Wednesday– Possibly a bodyweight technique piece followed by a Lighter/Bodyweight focused metcon  and/or Double Short Metcons.  Things like two 8 minute amraps with an 8 minute rest.   Not a lot of barbell loading.  Things like Cindy or Jackie.

Thursday- Barbell Technique, Often Olympic lifting related.  Then Heavy, Barbell dominant metcons.  Things Like DT,  AMRAP in 8 of 8 cleans, 8 Fronts, 8 S20 etc.

Friday- We’ll extend your time window and go long.  20-40 minutes.  Chippers, Multi event Metcons and sometimes monostructural events.

Across a given week this will provide a wide range of fitness inputs.  General Physical Preparedness (GPP) in the truest sense.  Note that if you are someone who “does CrossFit” on M W and F you will get exposure to the same type of workout and miss out on some others.  The best solution to this is to get to CrossFit more often.  Failing that, you may want to substitute a WOD from the days you’re missing, to kind of round out your fitness experience.  We can discuss.

As stated earlier, we will be running an 8 week Olympic lifting cycle concurrent to the GPP program outlined above.  I am in the 5th week of it now.  This program is 5 days of Olympic lifting with two days off.  Put together by Greg Everett and Cataylyst Athletics, it’s a fairly simple program with a primary focus of improving your Clean and Jerk and Snatch. There’s a decent amount of reps at low and medium loads.  Initially the athlete is working from 3 positions; in the 2nd half, the full movment gets more flight time.  There’s some pulling work and a ton of squatting as well.   A number of you have asked after whether they “should” do the Olympic Lifting cycle.  If you’re CrossFitting for fun; if you know life is going to pull you out of the gym more than a few times in the next 8 weeks, and so on, you will be much happier in the GPP programming.  This is most of you.

You should do the Oly Cycle if 1) You really want better olympic numbers (for whatever reason)  and you are willing to get in the gym a lot and also willing to let some of your other attributes diminish in the short term.  or 2) You compete or hope to compete in CrossFit as a sport and your current Olympic numbers are lacking.  What’s “lacking”?  For CrossFit, speaking very generally, a regionals level athlete is going to have at least a bodyweight Snatch (Female 80% BW ),  A 150% BW Clean and Jerk (Female 120%).  In absolute numbers you should be able to rapidly cycle/ touch and go 10 clean and jerks at 155/105.   Past Open workouts have seen big separators at 165/110 lb snatches.   Adjust down somewhat for Master’s division, but if you are well short of these marks, and competing is important to you, you may want to devote 8 weeks to addressing that weakness.  I’m doing it now in anticipation of next February’s Open, if that is relevant or helpful.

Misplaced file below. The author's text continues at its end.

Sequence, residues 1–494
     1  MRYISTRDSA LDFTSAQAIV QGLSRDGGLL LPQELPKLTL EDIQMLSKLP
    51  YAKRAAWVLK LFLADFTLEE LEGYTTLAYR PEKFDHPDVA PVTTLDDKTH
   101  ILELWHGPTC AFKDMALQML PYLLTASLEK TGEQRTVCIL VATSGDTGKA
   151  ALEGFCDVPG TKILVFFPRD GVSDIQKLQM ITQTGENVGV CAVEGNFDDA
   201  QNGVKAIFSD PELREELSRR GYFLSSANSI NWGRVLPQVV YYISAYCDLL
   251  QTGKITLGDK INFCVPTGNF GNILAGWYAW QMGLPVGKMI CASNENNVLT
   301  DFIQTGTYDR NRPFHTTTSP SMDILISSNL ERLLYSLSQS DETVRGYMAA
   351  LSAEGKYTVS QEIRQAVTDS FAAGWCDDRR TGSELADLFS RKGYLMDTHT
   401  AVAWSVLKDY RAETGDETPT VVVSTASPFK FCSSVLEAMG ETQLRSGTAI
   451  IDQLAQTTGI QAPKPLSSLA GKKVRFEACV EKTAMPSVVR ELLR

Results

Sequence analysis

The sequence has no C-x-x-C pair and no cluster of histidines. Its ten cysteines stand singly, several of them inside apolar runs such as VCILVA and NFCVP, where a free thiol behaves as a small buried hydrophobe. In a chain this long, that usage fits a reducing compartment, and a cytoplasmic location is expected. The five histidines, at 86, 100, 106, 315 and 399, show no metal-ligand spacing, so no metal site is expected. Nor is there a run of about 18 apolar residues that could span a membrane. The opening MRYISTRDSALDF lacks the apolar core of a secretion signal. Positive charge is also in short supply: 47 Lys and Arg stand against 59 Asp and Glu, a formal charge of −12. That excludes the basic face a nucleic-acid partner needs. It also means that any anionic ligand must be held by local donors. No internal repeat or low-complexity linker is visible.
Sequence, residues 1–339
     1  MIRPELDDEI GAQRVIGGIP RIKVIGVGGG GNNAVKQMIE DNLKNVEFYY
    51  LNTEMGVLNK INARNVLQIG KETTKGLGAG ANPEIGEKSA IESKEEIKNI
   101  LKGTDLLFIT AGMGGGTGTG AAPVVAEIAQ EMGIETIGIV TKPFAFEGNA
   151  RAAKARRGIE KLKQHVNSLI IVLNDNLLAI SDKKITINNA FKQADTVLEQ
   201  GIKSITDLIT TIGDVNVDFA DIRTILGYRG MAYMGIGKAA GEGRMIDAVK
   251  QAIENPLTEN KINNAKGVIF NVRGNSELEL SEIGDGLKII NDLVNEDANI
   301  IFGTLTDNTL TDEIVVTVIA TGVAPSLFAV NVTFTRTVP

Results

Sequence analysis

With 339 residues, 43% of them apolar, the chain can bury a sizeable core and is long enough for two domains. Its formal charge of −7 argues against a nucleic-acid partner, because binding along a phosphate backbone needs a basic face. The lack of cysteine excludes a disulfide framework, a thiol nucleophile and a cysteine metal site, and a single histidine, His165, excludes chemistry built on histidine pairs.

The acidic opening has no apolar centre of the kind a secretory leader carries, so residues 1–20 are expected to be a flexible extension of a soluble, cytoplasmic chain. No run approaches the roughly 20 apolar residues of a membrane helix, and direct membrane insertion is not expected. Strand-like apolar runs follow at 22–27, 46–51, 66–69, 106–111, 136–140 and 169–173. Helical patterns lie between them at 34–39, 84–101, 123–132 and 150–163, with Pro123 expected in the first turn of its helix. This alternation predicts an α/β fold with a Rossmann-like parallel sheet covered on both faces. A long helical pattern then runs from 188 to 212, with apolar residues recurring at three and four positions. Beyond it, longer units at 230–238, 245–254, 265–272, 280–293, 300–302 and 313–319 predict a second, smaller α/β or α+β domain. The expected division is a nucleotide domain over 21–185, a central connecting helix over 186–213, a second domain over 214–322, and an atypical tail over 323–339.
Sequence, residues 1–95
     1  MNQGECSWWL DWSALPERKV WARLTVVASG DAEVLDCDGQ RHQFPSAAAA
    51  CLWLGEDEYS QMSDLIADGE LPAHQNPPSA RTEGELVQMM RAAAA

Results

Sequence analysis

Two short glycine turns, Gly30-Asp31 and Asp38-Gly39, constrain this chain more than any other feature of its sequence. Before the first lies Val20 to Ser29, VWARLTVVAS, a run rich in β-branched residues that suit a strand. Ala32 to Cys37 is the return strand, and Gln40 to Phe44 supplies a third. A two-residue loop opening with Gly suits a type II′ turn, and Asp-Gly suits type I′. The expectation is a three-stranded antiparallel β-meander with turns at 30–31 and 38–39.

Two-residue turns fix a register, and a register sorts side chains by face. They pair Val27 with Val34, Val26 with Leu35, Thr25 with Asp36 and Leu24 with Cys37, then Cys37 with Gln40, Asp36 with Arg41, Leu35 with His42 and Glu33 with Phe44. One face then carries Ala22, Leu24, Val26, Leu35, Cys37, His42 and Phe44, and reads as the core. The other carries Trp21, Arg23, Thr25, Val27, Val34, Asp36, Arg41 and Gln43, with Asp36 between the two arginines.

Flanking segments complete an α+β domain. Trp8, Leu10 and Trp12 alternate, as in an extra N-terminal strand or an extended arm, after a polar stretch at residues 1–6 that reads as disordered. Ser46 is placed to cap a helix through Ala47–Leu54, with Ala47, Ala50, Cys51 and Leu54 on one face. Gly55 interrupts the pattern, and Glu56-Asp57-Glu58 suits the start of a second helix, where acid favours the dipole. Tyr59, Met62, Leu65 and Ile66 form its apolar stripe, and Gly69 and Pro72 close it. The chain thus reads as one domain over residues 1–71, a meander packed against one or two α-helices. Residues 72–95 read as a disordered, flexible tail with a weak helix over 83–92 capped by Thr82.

“Can I do the CrossFit workout AND the Olympic lifting?” — Insofar as doing some of the GPP wods beyond your Oly work,  that’s fine.  I would do the Olympic Lifting first, as it’s pretty challenging, by itself for at least a week. Thereafter, if you feel like here and there you can get some conditioning in via the GPP workout of the day, go ahead and jump in.  I have been averaging maybe 1 metcon a week beyond the Olympic programming, and often it is an aerobically focused piece.  I am getting plenty of weightlifting dose via the programmed snatches, jerks and cleans.

We should get next week’s entire wods up on here by the end of this week.  Please use the comments for any questions.